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Dan Weiderer: Bears’ unorthodox kicker competition begins Friday with an emphasis on pressure

Forgive me for a second. I’m trying to get the list together of all the kickers the Bears have invited to the next phase of Kicker Search 2019.

There’s Redford Jones and Chris Blewitt. Check.

Plus Elliott Fry and John Baron II. OK.

Those four are under contract.

Casey Bendarski from Minnesota State has an invitation to rookie camp this week as a tryout player. Same apparently goes for Minnesota’s Emmit Carpenter, Purdue’s Spencer Evans and McNeese State’s Alex Kjellsten.

Are we missing anyone?

The lost Gramatica brother?

Karl-Heinz Granitza?

Charlie Brown?

Come one, come all.

“Maybe it’s a little unorthodox to have four kickers out there,” Bears general manager Ryan Pace said after last weekend’s draft. “We don’t care. Let’s increase the competition and let the whole thing battle out.

“We’re unbiased on it. Our eyes are wide open.”

Coach Matt Nagy’s eyes were not only wide open but had an energized glint Saturday night, accompanied by an almost diabolical smirk. Nagy’s creative mind and competitive juices seemed to be tangoing as he thought of the kicking competition.

The good people of Chicago are entitled to know how this is going to unfold in the immediate future. So what will the kicker battle look like in May and June?

“Don’t worry,” Nagy said. “I already have a plan and I’ll let you know when it comes out. These guys have to compete. Get them out there and let them compete.”

What in the world is next?

The NFL Coach of the Year has his imaginative ideas no doubt. And as Nagy continues to talk about enlivening the competition, he hints that he will come up with a variety of ways to test these kickers under pressure – no matter how he has to manufacture it.

At some point, Nagy said, reporters could become part of the equation. “You can think about that for a little,” he threatened.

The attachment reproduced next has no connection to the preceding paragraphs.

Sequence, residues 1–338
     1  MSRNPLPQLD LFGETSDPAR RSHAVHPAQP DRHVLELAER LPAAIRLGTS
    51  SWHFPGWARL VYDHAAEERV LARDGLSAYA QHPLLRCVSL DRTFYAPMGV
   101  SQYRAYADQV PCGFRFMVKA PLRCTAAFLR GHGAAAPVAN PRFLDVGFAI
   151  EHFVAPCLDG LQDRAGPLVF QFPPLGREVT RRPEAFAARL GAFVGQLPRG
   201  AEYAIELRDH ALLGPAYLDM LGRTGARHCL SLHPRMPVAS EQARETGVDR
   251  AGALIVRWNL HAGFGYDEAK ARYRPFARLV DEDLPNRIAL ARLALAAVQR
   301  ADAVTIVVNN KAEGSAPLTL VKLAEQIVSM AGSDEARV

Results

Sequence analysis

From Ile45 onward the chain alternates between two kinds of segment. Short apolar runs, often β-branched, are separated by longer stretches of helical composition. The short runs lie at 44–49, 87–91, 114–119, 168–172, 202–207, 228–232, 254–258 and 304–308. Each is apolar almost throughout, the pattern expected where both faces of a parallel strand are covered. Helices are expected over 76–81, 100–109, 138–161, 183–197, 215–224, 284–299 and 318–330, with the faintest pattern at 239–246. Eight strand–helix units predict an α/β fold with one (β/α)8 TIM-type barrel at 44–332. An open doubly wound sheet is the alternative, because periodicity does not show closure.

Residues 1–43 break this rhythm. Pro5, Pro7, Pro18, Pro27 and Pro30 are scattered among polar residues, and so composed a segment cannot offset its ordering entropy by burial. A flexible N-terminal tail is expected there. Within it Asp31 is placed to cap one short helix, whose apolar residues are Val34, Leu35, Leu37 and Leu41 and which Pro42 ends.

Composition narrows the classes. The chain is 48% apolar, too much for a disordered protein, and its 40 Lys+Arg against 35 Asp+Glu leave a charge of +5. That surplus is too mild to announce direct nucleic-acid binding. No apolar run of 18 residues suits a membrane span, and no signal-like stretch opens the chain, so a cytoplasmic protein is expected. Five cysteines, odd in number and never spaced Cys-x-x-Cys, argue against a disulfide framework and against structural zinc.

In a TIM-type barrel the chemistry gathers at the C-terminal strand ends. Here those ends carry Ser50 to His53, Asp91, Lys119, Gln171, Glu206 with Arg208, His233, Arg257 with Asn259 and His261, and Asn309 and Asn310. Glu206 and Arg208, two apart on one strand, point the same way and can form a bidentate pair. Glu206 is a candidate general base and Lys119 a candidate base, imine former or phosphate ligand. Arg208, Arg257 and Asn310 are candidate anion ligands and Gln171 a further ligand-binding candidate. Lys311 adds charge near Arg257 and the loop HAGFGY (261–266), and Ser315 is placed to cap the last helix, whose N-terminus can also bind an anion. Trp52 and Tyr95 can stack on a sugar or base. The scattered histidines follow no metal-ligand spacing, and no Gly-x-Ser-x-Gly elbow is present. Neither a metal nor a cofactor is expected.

The message, though, was clear. Every kicker who walks onto the practice field at Halas Hall in the coming months is going to be tested. Just about every kick they try will have stakes.

“It’s not going to be an easy competition,” Nagy reiterated. “It’s about making your kicks under pressure. And it’s as simple as that. Either you make it or you don’t. We’re going to test them out.”

Again, there was that look in his eye. You couldn’t help but think he might be considering some sort of “Ellen’s Game of Games” dynamic.

Push a field goal wide right? Get swung around in a roller-coaster chair and blasted in the face with tomato sauce.

Miss an extra point? Right through a trapdoor on the field grass.

Hit the goalpost with that metal vibration sound creating a new wave of PTSD at Halas Hall? Get strapped to a catapult and immediately launched to Waukesha, Wis.

It’s crazy to think about how the Bears got here. Thirty-two months ago, Pace made the surprising decision to cut Robbie Gould, the franchise’s all-time leading scorer. There were performance factors and financial ramifications and egos involved.

It has been a mess ever since.

Four kickers have suited up for the Bears on game day. That doesn’t include Roberto Aguayo, who was claimed off waivers in August 2017 and cut 19 days later.

In the post-Gould era, Bears kickers have missed 19 field goals and six extra points.

Cody Parkey was the worst of the bunch, collecting $9 million of guaranteed money in free agency and then missing 11 kicks in 17 games. A half-dozen of Parkey’s misses hit an upright. His final kick as a Bear double-doinked Nagy’s upstart team out of the playoffs.

And then Parkey got invited to appear on the “Today” show for being a chin-up good sport about his incompetence. As if the headache for Pace and Nagy needed to get any more intense.